Treatment regimens in immunotherapy

Dr. Nimeh: With new treatment approaches emerging, what is the potential for combining immunotherapies—for example, ipilimumab and granulocyte-macrophage colony-stimulating factor (GM-CSF)—or adding targeted therapy?

Dr. Postow: Many new agents appear to be promising as monotherapies. It is very exciting to think about the possibility of additive (or potentially synergistic) benefits if we combine more than one in appropriate and rational ways.

At ASCO this year, Dr. Stephen Hodi presented data which showed that patients who received ipilimumab 10 mg/kg in combination with GM-CSF had improved overall survival as compared with patients who received ipilimumab 10 mg/kg alone.3 The results were consistent with those from preclinical evaluations in mice. This combination treatment demonstrates the potential promise of combining these immunologic agents.

We reported in The New England Journal of Medicine,4 and also presented at ASCO this year,5 that, in a phase I trial involving a small number of patients, the combination of nivolumab with ipilimumab resulted in a very impressive response rate.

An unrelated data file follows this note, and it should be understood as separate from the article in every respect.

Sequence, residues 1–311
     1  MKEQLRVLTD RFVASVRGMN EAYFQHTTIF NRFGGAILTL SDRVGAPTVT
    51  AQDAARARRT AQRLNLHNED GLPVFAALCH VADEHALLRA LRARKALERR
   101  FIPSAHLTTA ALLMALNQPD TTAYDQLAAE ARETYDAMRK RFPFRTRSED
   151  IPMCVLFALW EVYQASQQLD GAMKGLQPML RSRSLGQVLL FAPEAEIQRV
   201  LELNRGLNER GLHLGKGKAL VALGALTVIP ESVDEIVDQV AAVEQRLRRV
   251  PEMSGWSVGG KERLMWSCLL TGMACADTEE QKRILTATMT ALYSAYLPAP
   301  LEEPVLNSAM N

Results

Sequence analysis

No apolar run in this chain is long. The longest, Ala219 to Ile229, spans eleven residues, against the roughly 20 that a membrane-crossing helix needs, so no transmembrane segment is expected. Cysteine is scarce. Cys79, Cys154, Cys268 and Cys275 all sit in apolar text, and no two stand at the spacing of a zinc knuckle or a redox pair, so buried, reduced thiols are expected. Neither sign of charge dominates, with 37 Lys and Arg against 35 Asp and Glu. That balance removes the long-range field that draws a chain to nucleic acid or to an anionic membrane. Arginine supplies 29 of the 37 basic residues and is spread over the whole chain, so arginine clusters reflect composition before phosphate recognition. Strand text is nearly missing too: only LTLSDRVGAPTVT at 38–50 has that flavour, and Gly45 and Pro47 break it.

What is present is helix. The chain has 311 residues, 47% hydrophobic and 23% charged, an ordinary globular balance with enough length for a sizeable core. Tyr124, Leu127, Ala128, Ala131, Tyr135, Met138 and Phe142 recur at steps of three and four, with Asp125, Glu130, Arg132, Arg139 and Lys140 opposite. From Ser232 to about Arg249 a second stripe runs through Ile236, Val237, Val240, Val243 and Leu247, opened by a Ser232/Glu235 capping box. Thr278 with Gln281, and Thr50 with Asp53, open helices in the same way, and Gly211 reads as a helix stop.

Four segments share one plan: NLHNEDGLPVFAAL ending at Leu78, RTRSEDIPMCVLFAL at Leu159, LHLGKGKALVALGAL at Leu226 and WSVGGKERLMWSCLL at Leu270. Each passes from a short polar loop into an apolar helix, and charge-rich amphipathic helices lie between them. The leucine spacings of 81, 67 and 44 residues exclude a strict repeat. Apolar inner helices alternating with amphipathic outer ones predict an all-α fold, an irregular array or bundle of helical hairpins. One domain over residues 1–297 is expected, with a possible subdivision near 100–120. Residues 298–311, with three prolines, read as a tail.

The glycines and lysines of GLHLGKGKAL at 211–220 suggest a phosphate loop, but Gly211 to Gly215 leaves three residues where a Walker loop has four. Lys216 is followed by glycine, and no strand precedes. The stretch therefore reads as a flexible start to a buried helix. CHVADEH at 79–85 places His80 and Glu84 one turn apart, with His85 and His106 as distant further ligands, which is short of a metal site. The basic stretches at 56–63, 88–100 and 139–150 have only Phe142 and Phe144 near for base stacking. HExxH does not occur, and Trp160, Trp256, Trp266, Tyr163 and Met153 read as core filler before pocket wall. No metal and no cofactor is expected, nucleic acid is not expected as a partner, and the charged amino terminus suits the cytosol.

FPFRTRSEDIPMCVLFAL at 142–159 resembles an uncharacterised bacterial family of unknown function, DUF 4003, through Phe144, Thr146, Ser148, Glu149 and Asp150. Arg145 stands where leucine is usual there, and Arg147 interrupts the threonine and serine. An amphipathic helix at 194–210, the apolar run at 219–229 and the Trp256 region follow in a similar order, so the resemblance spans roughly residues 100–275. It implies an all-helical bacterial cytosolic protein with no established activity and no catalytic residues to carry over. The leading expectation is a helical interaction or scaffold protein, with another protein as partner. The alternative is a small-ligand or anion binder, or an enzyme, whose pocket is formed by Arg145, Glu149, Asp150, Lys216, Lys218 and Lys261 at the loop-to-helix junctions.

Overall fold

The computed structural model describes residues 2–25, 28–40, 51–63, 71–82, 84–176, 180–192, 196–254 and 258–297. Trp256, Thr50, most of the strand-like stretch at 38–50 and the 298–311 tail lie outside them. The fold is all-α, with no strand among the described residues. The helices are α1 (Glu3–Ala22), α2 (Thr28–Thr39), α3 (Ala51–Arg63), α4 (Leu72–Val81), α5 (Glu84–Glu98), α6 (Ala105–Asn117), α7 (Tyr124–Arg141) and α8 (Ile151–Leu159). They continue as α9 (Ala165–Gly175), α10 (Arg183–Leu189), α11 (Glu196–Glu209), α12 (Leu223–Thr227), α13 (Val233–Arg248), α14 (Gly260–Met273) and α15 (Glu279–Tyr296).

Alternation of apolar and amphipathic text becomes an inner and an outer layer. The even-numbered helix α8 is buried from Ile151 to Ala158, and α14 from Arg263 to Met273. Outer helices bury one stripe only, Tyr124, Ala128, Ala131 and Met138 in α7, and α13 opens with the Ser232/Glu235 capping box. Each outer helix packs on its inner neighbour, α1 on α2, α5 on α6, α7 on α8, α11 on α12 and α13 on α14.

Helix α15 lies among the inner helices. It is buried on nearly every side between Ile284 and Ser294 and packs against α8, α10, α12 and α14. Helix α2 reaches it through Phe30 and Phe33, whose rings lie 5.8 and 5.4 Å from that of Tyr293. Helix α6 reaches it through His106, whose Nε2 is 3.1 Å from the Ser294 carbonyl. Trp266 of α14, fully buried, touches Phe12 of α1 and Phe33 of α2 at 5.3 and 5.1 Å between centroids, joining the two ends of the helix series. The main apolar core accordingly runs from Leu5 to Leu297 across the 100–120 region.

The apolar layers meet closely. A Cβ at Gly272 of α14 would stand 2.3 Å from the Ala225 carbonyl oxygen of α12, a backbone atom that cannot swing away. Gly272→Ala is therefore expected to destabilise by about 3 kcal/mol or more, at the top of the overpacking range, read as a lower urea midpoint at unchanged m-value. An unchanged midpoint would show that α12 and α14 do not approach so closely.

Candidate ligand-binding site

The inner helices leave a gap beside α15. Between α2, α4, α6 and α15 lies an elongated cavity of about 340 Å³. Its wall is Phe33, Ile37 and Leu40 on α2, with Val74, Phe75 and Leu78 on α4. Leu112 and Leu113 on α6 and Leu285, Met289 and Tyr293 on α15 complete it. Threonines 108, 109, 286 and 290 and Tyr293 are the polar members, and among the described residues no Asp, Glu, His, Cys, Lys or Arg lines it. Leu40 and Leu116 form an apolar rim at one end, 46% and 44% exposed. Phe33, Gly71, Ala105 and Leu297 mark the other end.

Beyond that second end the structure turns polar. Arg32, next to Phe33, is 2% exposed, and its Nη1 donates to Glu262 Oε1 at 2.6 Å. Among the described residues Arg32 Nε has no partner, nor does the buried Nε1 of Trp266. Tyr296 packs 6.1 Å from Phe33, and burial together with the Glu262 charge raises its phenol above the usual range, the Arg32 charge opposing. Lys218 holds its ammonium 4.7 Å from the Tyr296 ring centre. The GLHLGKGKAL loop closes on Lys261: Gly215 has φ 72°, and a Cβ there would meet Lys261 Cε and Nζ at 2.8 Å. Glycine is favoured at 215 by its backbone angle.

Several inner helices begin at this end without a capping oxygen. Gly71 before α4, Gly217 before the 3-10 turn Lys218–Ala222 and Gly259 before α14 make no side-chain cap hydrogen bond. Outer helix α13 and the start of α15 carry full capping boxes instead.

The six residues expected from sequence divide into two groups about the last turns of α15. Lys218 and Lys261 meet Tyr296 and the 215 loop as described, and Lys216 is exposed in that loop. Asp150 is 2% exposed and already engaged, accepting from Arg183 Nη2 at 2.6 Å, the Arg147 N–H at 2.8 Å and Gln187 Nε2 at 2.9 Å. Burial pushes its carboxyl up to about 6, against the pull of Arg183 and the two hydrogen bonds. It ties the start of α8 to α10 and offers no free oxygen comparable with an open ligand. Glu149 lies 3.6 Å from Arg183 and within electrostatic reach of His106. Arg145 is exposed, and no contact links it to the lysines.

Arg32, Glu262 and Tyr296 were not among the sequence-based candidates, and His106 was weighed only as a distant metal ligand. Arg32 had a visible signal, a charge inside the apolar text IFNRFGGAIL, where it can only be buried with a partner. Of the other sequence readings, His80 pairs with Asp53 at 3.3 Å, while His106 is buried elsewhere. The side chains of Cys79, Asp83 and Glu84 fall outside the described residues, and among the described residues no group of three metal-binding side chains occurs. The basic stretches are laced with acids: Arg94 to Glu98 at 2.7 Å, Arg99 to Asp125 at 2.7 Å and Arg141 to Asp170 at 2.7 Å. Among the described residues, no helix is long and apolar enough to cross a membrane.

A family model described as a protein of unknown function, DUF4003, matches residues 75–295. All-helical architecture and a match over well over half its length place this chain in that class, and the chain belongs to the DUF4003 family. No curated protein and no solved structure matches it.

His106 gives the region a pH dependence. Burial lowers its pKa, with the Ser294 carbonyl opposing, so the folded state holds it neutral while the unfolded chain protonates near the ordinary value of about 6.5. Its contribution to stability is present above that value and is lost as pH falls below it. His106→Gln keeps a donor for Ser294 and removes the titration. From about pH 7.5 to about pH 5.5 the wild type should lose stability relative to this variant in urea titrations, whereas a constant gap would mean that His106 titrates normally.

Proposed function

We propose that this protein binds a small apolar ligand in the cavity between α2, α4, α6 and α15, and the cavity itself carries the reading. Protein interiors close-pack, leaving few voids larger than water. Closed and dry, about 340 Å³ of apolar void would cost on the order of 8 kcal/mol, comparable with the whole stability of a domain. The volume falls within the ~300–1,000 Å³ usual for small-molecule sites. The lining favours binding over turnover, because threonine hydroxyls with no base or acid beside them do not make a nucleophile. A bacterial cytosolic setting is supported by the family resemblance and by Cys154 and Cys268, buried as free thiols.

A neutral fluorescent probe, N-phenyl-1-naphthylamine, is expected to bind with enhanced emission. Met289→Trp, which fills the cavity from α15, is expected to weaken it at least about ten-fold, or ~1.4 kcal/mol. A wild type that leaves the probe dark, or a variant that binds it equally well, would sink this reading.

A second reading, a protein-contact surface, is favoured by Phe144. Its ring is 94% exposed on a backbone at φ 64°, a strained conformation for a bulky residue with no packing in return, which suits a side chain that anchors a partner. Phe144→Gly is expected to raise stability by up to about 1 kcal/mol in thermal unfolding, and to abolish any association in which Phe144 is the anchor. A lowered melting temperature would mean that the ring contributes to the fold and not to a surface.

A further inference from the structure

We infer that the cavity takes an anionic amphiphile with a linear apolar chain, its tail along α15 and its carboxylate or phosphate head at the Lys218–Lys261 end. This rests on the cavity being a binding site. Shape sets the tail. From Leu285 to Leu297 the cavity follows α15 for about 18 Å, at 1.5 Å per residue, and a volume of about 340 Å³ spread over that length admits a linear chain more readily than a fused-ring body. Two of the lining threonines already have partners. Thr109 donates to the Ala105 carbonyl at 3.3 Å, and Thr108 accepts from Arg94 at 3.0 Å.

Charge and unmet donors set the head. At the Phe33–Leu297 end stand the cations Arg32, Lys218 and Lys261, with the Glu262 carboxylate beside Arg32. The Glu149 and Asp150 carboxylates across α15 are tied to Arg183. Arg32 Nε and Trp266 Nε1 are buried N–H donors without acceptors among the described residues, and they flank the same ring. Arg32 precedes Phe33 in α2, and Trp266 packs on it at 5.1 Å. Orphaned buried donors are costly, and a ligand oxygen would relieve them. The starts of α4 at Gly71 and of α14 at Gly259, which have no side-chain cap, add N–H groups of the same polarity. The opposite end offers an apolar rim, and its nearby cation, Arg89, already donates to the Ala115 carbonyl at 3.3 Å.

Whether or not these responses to combination nivolumab and ipilimumab (which have been durable) translate into long-term overall survival benefit is the subject of an ongoing phase III study. At this juncture, we do not yet know whether it is better to combine nivolumab and ipilimumab initially or to sequence them, one followed by the other. Patients can respond to nivolumab even if they have not responded to ipilimumab and vice-versa. We are hopeful that the large-scale phase III trials will answer these questions regarding the relative merits of combination therapy vs monotherapy. Combinations of targeted therapy and immunotherapy are also very exciting to investigate. Several prior evaluations6,7 have suggested that treatments such as BRAF inhibitors can result in immunologic effects that may be additive or synergistic when combined with immunotherapy.